Millikan's Experiment

Millikans experiment, also known as the oil-drop experiment, was conducted by Robert Millikan and Harvey Fletcher for the purpose of determining the charge of a single electron.

Millikan's Experiment Millikan's Experiment

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Table of contents

    What is the oil drop experiment?

    The oil-drop experiment was conducted by Robert Millikan and Harvey Fletcher in 1909 in Ryerson Physical Laboratory at the University of Chicago. The purpose of the experiment was to measure the charge of a single electron.

    Some earlier experiments, for instance, by J. J. Thomson, had the same goal, but his approach could only measure the charge of an electron to the predicted order of magnitude. The American physicist Robert Millikan eventually succeeded with the help of the oil-drop experiment.

    The process of the oil-drop experiment

    The experiment featured two horizontal metal plates on top of each other and some insulating material in between them. Four holes were cut into the insulating material, three of them for introducing light and one to allow viewing through a microscope.

    A potential difference was applied across the two plates to form a uniform electric field between the plates. As oil drops were sprayed, some of them were electrically charged due to friction with the nozzle. An ionising radiation source, such as an x-ray tube, might also be used as an alternative to charging the drops.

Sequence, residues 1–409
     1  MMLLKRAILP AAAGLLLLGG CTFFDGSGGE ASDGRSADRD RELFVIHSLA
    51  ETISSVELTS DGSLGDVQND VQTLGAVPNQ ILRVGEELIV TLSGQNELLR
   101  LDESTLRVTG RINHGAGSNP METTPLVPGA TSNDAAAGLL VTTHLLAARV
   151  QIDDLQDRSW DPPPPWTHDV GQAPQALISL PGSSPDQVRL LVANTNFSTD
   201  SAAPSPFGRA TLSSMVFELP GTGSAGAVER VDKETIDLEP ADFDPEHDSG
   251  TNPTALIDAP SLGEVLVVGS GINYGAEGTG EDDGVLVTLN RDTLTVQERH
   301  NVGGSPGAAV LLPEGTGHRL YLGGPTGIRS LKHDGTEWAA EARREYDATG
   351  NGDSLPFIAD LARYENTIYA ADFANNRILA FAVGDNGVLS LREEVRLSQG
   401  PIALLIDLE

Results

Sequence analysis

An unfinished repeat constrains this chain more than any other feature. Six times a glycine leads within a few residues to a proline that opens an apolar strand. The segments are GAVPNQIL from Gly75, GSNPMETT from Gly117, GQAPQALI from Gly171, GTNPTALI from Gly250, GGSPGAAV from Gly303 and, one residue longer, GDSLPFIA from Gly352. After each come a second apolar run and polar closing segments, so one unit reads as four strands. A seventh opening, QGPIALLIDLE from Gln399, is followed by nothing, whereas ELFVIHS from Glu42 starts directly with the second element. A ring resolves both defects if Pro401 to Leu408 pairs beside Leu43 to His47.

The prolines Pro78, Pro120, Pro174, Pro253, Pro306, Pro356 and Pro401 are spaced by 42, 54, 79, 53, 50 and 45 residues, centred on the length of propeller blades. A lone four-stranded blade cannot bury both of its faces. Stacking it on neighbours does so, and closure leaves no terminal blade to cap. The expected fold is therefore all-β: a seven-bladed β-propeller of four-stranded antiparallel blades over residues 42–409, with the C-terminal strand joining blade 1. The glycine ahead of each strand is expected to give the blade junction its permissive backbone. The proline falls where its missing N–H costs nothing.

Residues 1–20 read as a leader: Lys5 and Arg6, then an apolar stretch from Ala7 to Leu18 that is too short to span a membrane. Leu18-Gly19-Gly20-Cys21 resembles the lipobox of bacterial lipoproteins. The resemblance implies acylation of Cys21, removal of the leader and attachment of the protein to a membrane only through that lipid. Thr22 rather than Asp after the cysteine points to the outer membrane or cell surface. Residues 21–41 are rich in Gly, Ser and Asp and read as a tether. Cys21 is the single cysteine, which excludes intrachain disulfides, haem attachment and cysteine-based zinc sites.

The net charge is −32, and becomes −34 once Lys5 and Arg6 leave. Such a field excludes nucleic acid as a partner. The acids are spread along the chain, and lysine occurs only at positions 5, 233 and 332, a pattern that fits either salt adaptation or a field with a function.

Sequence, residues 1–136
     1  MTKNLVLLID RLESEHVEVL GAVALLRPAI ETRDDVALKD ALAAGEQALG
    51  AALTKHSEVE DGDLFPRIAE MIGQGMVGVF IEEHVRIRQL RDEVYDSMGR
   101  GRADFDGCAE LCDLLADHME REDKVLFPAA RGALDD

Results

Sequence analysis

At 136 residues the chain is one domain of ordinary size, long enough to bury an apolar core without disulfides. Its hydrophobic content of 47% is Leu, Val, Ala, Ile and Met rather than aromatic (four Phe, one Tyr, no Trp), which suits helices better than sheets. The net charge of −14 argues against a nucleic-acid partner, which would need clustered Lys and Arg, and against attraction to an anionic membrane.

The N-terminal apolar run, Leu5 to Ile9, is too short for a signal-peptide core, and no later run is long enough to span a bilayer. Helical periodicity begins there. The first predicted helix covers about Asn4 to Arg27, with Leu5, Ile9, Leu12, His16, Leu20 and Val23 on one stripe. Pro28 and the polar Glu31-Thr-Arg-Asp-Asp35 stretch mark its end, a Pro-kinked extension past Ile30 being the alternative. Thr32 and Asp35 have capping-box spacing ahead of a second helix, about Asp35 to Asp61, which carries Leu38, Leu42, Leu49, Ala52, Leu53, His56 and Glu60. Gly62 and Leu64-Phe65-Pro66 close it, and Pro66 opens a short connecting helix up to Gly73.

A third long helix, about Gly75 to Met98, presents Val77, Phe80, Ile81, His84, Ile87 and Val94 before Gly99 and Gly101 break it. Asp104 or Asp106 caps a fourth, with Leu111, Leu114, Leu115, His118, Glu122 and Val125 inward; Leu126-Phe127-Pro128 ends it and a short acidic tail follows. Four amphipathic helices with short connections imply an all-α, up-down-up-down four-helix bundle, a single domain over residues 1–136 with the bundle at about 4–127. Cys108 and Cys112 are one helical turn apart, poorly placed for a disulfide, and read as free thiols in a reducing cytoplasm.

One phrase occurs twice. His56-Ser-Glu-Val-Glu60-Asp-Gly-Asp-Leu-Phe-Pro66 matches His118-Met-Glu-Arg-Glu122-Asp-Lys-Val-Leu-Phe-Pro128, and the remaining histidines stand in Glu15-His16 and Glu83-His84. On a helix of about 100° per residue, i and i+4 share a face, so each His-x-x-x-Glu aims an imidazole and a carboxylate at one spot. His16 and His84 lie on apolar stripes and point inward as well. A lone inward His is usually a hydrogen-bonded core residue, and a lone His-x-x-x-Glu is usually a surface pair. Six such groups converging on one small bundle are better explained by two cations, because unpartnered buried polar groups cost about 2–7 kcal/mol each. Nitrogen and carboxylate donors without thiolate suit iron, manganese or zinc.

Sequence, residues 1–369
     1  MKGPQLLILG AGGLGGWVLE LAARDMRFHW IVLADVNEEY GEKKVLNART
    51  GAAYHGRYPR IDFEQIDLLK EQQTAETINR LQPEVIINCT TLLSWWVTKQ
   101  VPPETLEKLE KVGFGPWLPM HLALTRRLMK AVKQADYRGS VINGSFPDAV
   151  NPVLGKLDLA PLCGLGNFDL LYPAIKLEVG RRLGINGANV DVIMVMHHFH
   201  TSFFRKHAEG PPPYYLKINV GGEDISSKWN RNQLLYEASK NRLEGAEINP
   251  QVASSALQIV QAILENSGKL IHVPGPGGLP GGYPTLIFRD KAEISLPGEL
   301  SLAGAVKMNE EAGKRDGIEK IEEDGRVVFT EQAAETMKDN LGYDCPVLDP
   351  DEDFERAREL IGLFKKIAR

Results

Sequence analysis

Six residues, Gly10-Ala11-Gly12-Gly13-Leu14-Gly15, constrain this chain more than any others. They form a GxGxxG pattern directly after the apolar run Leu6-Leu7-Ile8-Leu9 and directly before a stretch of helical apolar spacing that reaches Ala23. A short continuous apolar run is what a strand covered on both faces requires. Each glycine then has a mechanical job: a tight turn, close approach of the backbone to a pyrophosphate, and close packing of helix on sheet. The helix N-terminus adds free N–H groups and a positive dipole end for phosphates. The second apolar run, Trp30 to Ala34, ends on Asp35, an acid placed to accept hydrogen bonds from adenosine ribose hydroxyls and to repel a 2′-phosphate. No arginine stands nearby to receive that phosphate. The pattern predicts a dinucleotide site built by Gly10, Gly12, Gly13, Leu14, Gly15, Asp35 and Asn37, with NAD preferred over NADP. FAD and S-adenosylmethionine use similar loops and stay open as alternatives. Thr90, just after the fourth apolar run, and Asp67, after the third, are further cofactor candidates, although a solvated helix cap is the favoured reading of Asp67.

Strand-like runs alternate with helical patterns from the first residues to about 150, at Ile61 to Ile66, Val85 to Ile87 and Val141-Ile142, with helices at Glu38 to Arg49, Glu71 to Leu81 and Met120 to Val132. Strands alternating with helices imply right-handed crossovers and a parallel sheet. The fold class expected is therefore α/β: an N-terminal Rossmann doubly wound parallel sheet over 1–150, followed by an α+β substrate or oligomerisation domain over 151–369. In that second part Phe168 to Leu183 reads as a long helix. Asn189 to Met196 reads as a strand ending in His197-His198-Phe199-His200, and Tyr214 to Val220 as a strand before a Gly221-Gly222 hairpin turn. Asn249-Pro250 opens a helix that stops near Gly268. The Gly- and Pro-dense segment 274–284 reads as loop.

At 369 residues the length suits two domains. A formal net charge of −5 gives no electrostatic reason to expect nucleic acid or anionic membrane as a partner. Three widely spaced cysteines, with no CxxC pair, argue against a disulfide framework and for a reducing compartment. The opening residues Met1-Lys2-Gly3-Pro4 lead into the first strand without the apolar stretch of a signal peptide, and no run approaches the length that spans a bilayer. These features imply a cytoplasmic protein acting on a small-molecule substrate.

Atomised oil drops were sprayed into a chamber above the plates. Oil is used instead of water because it doesnt evaporate quickly, which allows the mass to remain approximately constant.

    Millikan's Experiment, Millikan's experiment diagram, StudySmarter

    Figure 2. A simplified diagram of Millikans oil-drop experiment. Source: Manuel R. Camacho, StudySmarter.

    For the process, the following steps were followed:

    1. While the electric field was turned off, the oil drops were introduced between the plates and, because of the friction with the air in the chamber, they attained terminal velocity pretty quickly.
    2. The electric field was turned on, and the oil drops that were charged began to rise. This happened when the electrical field was strong enough and caused the upwards electrical force FE to be greater than the gravitational force Fg.
    3. One suitable drop was selected to continue the experiment while keeping this selected drop in the middle by alternately switching off the voltage until the other drops came down.